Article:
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Red Robin in Dover breaks sales records in first week

New challenges opening a restaurant during a pandemic

Emily Lytle
Dover Post
Red Robin Gourmet Burgers and Brews opened in Dover July 13.

For anyone who has been craving a Red Robin burger and anxiously eyeing the brightly colored restaurant at Capital Station in Dover, the wait is finally up.The restaurant celebrated its grand opening July 13 at 40 N. Dupont Highway (Route 13) near Division Street. 

“We did record-breaking sales for an opening week during this COVID-19,” said General Manager Javier Medina. He said the restaurant did more than double the average sales this week. 

“People are glad we’re here,” he said. “They love Red Robin. They’re happy that they don’t have to travel up north to satisfy their craving of a milkshake or a beer or a burger.”

While customers are eager to both dine in and order takeout from the popular restaurant chain making its debut to central Delaware, the opening hasn’t been without challenges. Medina said the restaurant was prepping to open in March when they were told to shut everything down.

“It was a shock,” he said. “We were ramping up since December, and come March we were just literally hours away from making some big decisions and spending a lot of money to get this place going.”

About half of the 140 people hired to start the restaurant left during that waiting period. Red Robin has a training program where experts come in from other states, but travel restrictions made that difficult.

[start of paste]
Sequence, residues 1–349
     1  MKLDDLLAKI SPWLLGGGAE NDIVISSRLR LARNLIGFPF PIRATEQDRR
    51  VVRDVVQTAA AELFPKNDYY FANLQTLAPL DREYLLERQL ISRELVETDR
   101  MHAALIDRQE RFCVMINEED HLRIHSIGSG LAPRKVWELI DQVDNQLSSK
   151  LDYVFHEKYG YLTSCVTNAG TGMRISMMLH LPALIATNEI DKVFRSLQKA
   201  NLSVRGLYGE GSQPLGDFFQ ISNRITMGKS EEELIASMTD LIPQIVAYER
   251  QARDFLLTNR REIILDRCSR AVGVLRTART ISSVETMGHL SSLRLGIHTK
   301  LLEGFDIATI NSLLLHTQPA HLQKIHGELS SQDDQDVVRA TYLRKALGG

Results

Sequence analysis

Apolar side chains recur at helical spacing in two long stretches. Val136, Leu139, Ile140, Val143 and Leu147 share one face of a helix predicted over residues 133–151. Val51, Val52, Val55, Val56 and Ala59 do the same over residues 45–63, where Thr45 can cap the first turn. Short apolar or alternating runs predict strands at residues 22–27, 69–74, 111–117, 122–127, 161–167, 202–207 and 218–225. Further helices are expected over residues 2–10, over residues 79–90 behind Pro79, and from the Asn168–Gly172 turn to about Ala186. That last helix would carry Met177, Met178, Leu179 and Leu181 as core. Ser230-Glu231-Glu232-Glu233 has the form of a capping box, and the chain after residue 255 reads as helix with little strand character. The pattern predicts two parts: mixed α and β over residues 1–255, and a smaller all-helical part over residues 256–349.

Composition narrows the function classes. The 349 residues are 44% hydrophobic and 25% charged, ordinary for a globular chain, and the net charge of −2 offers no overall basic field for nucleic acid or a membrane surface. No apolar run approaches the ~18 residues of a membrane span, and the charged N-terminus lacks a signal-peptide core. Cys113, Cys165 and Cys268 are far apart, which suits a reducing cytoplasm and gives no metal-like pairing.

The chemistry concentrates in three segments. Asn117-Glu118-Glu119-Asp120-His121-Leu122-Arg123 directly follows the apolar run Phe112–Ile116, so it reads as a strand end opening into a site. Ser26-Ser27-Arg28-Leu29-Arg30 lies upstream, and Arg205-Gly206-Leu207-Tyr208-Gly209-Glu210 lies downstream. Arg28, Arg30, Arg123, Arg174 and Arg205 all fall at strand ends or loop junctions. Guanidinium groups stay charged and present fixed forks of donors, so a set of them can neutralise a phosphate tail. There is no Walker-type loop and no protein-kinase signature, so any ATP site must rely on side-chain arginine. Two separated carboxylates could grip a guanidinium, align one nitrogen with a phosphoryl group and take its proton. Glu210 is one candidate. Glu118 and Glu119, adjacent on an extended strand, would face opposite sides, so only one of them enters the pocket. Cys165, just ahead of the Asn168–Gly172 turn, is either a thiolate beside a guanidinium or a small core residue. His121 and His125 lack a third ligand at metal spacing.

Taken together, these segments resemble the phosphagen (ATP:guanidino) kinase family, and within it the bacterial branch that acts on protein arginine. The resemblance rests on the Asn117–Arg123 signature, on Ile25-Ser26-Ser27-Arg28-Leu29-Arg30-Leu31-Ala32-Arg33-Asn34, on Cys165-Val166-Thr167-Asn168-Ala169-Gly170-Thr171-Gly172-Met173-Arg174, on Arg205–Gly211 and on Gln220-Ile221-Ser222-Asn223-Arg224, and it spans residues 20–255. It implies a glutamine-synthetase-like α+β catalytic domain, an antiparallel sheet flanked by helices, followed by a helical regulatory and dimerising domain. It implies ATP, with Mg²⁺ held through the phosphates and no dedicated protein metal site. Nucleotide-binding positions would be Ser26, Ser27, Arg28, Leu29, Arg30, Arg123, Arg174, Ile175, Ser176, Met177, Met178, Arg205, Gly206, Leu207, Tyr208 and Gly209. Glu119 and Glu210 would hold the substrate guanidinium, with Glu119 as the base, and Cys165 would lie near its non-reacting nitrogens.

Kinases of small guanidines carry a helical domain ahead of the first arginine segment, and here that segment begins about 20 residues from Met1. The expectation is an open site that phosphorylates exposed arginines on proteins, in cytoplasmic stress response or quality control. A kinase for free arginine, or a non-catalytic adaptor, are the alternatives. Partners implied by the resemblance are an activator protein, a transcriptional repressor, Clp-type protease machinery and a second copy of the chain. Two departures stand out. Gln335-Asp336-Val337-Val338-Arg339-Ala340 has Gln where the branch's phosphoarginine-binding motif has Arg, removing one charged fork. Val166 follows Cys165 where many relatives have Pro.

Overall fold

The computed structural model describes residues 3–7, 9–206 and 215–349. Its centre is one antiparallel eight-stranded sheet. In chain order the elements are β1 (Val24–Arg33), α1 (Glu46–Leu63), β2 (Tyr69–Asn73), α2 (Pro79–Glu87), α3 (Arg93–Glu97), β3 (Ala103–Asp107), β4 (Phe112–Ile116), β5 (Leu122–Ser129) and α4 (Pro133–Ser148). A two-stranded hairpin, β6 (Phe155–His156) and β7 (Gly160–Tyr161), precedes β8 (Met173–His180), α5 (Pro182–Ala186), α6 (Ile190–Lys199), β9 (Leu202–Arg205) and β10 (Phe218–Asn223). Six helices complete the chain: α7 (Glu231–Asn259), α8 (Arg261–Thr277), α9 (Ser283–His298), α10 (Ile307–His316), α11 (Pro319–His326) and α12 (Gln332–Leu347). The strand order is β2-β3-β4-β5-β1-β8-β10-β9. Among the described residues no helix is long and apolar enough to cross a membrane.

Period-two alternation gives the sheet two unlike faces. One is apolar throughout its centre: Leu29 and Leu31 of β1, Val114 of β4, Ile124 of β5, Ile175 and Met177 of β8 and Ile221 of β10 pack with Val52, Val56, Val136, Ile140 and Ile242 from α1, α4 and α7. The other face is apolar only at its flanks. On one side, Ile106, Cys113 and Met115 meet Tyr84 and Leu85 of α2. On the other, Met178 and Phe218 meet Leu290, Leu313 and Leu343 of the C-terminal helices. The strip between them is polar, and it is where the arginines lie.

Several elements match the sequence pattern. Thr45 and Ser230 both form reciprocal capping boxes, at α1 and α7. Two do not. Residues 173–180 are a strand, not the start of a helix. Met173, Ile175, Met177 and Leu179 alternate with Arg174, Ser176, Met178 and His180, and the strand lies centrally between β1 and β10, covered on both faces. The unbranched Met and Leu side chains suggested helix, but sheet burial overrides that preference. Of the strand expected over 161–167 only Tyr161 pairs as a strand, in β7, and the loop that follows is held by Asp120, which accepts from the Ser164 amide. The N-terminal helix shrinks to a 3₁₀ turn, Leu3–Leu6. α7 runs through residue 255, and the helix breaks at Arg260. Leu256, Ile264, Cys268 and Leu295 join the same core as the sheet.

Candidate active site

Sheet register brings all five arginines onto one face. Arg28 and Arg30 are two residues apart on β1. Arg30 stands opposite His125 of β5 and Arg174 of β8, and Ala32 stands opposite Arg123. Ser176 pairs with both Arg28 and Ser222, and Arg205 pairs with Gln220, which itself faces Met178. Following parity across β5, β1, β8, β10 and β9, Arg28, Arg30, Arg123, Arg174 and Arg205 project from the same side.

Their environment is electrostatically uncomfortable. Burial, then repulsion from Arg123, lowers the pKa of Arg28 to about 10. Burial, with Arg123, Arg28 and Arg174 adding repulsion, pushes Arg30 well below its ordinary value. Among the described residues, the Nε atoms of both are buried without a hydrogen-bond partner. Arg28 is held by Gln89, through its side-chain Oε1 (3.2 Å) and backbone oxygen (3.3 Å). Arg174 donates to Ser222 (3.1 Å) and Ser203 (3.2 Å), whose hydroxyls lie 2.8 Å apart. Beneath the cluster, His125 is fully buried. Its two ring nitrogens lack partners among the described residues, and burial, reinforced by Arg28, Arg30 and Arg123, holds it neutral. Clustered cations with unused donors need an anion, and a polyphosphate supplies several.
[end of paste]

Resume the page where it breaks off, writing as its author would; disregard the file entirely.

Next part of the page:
“[It was] one challenge after another, but we’re here, and we’re pushing through,” Medina said. 

The staff is at 75 people, but the restaurant will likely need to raise it to at least 100 to accommodate for breaks and vacation time. 

All positions are open, and anyone interested can look on Indeed.com or walk into the restaurant to set up an interview. 

Besides grappling with growing pains, the staff has closed off part of the dining room for 60% capacity, placed social distancing markers on the floor and upheld other precautions to keep people safe. 

Like other restaurants, Medina said they are dealing with shortages of supplies like plastic cutlery or gloves. “We’re going through supplies so fast we can’t keep up with the ordering,” he said. “We’re scrambling just about daily.”

At the last minute, the restaurant got a permit to open an outdoor seating area with eight tables. Another tented area will help organize curbside to-go meals. 

Medina thanked the community members for their patience. “Rest assured, we will figure it all out, and be the best we can be and anticipate needs and exceed expectations,” he said.

For more, visit the restaurant's website here.